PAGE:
By 2028, women will control 75% of the world’s discretionary spending and by 2030 they’ll hold 66% of America’s wealth. Talk about securing the financial future of half the human race.
These estimates are incredible, but not surprising when you look at the numbers. As of the 2019 Census, over 116 million Americans are at least 50 years old, and of that group, 53.7% — 62 million — are women. As the number of women in this age group increases, so does their financial wherewithal in terms of their overall wealth and buying power.
Now you may be thinking: “Well that’s great for the women of the world, but I’m just one person, how can I ensure I participate in this growing trend and secure my financial future?”
As a member of the 50+ cohort and a Certified Financial Planner, I have a few ideas on that front. Here’s a look at what I’m doing to ensure a solid financial future for myself — and what you can do, too.
Build a Cash Reserve For Future Financial Emergencies
All women, regardless of age, need an emergency fund that is accessible at a moment’s notice. The guidelines vary but, on average, most financial professionals recommend an amount equal to at least six months of living expenses.
While women over 50 have been in the workforce for many years, in some ways we are more vulnerable than we’ve ever been. This is particularly true if we are still working and want to remain in the workforce, and it’s more difficult for us to become reemployed if we lose our job. According to 2020 research by the Urban Institute, jobless women aged 50 to 61 are 18% less likely to find new work than those aged 25 to 34, while those 62 and older are 50% less likely to find new work.
The value of an emergency fund became clear last year when many Americans lost their jobs. While we hope we don’t face another global health crisis, an emergency fund provides a cushion for more common events that often create financial stress such as recessions, declining investment markets and natural disasters.
Understand How To Capitalize On Longevity
According to the Centers for Disease Control, the coronavirus pandemic caused overall life expectancy during the first half of 2020 in the U.S. to fall by one year. Despite this development, women continue to hold the longevity advantage with a life expectancy of 80.5 years compared to the life expectancy for men of 75.1 years. As we outlive our male counterparts, one of the reasons the financial outlook for women becomes more positive as we age is because we will take charge of the family wealth.
Unless you have an underlying health issue or a reason to believe otherwise, it makes sense to assume you will live a long life. To prepare for the future, and to ensure a strong financial future, I recommend shoring up your plan with the following:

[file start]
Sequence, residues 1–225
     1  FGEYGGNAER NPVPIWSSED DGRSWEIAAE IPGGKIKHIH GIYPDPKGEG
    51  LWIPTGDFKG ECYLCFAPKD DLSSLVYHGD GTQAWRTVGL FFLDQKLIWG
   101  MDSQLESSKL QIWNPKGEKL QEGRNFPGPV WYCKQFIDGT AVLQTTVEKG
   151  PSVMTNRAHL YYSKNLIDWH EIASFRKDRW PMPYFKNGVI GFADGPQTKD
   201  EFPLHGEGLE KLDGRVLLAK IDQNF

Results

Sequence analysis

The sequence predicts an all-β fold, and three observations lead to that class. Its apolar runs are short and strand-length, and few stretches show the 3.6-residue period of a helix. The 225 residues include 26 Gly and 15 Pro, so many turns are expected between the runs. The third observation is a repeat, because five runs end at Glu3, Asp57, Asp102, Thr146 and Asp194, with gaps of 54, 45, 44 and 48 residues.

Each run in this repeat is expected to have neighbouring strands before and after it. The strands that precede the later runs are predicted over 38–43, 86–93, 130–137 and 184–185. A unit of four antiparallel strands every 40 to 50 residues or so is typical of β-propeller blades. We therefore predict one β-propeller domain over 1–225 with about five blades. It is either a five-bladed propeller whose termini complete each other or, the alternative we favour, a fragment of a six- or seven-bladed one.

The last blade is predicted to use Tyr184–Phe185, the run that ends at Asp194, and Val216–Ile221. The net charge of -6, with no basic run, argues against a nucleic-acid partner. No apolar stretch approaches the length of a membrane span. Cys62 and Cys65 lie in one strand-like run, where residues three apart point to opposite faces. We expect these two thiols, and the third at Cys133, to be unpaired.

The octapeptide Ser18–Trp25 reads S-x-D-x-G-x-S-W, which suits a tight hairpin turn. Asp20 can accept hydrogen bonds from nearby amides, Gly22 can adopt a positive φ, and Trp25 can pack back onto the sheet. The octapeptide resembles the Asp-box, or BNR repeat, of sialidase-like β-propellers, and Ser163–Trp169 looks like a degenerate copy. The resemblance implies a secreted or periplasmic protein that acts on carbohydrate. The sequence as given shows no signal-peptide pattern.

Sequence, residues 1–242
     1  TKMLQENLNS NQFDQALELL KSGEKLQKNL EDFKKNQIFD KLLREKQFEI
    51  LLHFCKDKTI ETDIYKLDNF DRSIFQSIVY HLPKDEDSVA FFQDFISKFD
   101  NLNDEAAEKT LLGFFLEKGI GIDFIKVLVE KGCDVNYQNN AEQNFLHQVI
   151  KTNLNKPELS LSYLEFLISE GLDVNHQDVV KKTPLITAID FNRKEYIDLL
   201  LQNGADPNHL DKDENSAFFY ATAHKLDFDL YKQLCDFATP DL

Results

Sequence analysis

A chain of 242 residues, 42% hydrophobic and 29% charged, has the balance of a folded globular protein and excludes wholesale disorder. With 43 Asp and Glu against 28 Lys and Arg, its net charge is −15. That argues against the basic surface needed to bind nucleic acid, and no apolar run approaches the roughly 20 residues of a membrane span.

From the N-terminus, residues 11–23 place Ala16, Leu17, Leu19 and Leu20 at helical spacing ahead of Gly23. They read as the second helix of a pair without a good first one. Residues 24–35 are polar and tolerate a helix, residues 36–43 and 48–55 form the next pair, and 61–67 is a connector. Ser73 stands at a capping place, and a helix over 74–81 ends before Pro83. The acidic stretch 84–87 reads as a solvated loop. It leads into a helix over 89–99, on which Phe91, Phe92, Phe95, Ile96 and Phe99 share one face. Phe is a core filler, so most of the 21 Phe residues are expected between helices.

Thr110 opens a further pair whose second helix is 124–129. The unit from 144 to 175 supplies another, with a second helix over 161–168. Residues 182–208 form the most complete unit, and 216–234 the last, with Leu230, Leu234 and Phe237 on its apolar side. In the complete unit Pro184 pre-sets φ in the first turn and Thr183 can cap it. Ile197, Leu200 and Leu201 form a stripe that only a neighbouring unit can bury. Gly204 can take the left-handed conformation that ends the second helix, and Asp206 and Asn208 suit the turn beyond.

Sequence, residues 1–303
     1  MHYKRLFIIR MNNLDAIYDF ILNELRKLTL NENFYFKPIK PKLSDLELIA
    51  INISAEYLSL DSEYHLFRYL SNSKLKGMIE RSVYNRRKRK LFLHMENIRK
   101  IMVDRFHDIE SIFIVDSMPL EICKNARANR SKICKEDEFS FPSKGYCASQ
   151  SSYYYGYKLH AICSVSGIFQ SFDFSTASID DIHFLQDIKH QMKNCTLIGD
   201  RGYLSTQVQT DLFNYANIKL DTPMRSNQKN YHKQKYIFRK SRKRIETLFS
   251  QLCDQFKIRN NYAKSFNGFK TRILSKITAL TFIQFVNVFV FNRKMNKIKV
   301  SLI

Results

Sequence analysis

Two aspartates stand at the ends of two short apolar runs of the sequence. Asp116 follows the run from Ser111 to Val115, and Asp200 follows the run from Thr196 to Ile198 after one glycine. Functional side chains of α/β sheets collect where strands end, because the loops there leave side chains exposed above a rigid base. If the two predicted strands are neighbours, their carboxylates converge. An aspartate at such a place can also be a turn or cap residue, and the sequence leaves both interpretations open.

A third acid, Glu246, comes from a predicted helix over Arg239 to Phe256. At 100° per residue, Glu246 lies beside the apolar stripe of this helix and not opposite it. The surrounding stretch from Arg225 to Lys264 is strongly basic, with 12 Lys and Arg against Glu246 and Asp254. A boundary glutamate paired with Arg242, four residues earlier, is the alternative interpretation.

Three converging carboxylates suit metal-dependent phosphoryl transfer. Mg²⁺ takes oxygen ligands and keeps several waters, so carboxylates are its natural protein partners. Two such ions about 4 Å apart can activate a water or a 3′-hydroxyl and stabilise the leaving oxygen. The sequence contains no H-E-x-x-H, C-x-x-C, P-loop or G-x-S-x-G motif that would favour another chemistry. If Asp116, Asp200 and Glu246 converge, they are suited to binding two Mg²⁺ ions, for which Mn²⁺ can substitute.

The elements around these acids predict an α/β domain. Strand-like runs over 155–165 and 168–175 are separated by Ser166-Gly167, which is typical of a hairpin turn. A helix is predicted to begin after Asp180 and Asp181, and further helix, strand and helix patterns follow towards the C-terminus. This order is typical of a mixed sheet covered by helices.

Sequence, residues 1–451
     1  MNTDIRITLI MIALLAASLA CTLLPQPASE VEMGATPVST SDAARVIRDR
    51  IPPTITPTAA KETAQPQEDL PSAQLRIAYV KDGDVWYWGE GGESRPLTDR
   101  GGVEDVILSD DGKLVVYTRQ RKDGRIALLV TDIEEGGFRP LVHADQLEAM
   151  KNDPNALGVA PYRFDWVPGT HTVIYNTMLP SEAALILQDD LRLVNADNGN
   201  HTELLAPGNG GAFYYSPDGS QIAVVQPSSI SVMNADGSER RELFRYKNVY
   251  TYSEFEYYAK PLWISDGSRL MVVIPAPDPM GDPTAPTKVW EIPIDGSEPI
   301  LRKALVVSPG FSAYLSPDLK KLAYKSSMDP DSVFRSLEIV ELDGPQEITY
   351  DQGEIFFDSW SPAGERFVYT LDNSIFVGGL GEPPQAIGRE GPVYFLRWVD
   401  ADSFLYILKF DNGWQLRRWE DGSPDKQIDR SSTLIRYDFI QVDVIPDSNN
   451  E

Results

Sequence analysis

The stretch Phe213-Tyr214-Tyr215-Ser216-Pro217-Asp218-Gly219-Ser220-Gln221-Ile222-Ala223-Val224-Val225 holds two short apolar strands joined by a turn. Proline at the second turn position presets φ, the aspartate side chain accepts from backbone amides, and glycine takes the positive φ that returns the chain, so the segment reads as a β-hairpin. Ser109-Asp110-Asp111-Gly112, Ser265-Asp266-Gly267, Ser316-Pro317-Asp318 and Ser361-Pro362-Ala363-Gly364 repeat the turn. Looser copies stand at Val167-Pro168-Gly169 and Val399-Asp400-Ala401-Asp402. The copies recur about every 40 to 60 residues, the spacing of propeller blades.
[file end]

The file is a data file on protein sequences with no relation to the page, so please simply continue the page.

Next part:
– a financial advisor
– current will
– health care directive
– durable power of attorney
– plan to fund possible long-term care expenses
Become Financially Knowledgeable
Financial knowledge is critically important for women to ensure a secure financial future, particularly as we age. Because women live longer, there’s every reason to believe that while we may not be managing the family finances right now, at some point we will likely be responsible for our finances. In order to make good financial decisions, women must understand the importance of financial goals, the characteristics of various investment vehicles and the fundamentals of investing. Surveys tell us that few women are confident when it comes to financial knowledge and you may be one of them. If you feel you have more to learn, dedicate some time to becoming more knowledgeable. Begin by taking a financial literacy test. You can find some financial literacy quizzes online. Here are two of my favorites:
The first one is offered by FINRA, the financial services industry organization.
The second one is offered by the National Financial Educators Council.
Each of these quizzes will give you an idea of what type of knowledge you need to develop. Both of these organizations offer additional guidance and education on financial subjects.
Invest In Stocks to Ensure A Strong Financial Future
Time is an investor’s best friend. Statistics tell us that it’s likely that a woman who’s 50 today will live another 30 years. If she supplements her retirement income with distributions from an investment portfolio, she will need a long-lasting investment portfolio. Stocks are a great choice for a longevity-oriented investment portfolio because they offer the potential to outpace inflation, provide current and future income, and appreciate over time. They’re a no brainer when working on securing your financial future.
The financial outlook is bright for women 50 and older. But as is the case with many things in life, the woman who prepares for the future—becomes knowledgeable about finance and builds a longevity-oriented investment portfolio that contains stocks—is the woman who will reap substantial rewards to come.
- A look at some of our favorite investing key terms that you’ll need to know before you invest.
- 10 investing questions explained in plain english — need we say more?
- Why target date funds are awesome (and what they are, and how to get one.)
- If you decide you want to start with an index fund, here’s a great rundown on what you can expect there.
- Here’s a look at how to open an IRA, if you’re saving for something long-term.
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